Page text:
The continued development of new tools and techniques that improve sensitivity, selectivity, speed and throughput in biological analysis, while reducing the cost per assay, will be critical in clinical diagnosis, medical research, and other disciplines in the life sciences. Micromachining methods have the potential to enable the construction of low-cost, yet sophisticated microfluidic systems for the analysis of complex protein mixtures. Herein, we propose to develop a phase-changing sacrificial layer (PCSL) microfabrication approach and polymer surface modification methods to create inexpensive microfluidic devices that can improve the detection and quantification of alpha-fetoprotein (AFP), a cancer and fetal wellness marker, in blood and urine. The objectives of this proposal are four-fold. First, we will generalize the PCSL solvent bonding fabrication technique and atom-transfer radical polymerization surface modification methods to a range of polymer microfluidic systems for protein analysis. Second, we plan to evaluate the PCSL solvent bonding approach for making complex, multilayer microfluidic arrays that facilitate the integration of sample processing steps. Third, we will develop these fabrication techniques to enable the incorporation of immunoaffinity purification systems and protein sample preconcentrators for use in enhancing detection in microchip capillary electrophoresis. Fourth, we will utilize the tools from the first three objectives to make microdevices that extract and preconcentrate lower-abundance proteins such as AFP from biological mixtures;we will then evaluate these microsystems for the determination of AFP levels in blood and urine. Importantly, while the studies in this proposal are directed toward the development of miniaturized assays for AFP, these same fabrication and analysis procedures can be generalized in a straightforward manner to allow the rapid quantification of other lower-abundance cancer and disease biomarkers. Thus, PCSL techniques and polymer surface derivatization methods should provide a broadly applicable microchip platform for the electrophoretic analysis and quantification of proteins or other biomolecules in humans.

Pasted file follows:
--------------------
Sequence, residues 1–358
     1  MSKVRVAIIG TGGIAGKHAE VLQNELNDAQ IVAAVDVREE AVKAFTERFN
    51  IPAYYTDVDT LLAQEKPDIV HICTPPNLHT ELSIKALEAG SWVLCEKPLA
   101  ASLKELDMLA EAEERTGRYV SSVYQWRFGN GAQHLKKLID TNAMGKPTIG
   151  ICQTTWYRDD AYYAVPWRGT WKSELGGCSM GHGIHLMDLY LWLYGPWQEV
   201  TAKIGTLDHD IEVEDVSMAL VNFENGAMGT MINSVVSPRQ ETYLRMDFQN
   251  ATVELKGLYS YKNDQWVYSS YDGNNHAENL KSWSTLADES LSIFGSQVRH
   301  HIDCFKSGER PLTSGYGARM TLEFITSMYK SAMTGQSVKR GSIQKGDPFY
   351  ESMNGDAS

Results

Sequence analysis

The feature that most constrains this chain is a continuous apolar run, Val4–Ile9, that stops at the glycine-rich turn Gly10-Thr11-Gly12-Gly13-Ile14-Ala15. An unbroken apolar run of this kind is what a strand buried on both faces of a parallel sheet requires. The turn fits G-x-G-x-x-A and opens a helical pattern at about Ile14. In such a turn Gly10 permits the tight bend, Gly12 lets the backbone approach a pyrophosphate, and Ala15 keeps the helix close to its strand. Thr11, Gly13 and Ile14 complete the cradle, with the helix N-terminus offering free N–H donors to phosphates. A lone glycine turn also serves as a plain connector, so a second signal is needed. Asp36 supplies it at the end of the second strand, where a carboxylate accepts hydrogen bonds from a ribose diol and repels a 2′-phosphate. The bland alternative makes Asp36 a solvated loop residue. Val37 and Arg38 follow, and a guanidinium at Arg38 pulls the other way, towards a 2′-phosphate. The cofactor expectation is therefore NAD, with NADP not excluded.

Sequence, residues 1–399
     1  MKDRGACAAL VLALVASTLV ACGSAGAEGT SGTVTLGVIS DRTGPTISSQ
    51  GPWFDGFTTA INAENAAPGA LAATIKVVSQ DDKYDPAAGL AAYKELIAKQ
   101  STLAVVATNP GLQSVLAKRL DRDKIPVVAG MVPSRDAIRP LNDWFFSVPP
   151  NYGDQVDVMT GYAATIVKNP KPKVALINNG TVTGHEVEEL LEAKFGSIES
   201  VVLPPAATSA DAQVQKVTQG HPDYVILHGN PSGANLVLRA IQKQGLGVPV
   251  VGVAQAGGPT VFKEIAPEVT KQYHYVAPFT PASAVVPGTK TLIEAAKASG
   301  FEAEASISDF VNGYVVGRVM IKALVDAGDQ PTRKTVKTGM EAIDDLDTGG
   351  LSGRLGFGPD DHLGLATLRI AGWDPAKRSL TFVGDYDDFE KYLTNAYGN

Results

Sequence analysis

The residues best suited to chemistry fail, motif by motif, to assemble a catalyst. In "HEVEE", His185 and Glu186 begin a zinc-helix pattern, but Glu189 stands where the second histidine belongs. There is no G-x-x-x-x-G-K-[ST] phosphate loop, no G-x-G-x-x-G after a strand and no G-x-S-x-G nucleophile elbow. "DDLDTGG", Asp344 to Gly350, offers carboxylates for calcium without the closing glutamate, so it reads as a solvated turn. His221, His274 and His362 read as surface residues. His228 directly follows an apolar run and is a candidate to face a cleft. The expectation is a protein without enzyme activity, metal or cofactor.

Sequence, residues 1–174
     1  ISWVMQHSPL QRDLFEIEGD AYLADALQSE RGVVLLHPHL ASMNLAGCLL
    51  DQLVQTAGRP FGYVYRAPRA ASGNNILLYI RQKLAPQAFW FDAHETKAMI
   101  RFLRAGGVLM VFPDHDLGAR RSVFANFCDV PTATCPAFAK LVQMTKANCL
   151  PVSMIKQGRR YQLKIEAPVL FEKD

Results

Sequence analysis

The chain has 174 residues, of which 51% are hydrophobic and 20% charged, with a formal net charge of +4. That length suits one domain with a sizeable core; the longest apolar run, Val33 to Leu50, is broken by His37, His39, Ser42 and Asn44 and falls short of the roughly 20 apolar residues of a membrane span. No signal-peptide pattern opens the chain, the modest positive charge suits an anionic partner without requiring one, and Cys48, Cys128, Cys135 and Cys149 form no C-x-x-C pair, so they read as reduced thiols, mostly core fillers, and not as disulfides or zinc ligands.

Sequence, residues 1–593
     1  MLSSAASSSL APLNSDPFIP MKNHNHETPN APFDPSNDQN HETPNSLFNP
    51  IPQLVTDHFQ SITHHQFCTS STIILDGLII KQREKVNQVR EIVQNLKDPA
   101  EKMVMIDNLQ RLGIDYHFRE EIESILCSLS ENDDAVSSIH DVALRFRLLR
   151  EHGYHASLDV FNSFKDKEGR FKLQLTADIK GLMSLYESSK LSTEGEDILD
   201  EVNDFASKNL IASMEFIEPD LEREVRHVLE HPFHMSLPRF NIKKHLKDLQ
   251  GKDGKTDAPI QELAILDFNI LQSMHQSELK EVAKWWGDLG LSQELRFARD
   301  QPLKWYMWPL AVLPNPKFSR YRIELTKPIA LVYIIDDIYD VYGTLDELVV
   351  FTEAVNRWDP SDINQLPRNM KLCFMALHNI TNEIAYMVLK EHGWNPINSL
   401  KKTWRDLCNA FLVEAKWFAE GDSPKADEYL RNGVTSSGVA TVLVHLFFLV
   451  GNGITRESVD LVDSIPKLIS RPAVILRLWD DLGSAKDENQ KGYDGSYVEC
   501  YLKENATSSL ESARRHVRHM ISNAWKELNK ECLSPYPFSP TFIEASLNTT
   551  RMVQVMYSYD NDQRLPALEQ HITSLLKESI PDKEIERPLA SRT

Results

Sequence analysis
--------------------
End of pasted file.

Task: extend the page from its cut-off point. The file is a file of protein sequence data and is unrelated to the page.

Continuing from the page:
Agency
National Institute of Health (NIH)
Institute
National Institute of Biomedical Imaging and Bioengineering (NIBIB)
Type
Research Project (R01)
Project #
5R01EB006124-05
Application #
7755902
Study Section
Enabling Bioanalytical and Biophysical Technologies Study Section (EBT)
Program Officer
Korte, Brenda
Project Start
2006-04-01
Project End
2012-11-30
Budget Start
2010-02-01
Budget End
2011-01-31
Support Year
5
Fiscal Year
2010
Total Cost
$291,060
Indirect Cost
Name
Brigham Young University
Department
Chemistry
Type
Schools of Arts and Sciences
DUNS #
009094012
City
Provo
State
UT
Country
United States
Zip Code
84602
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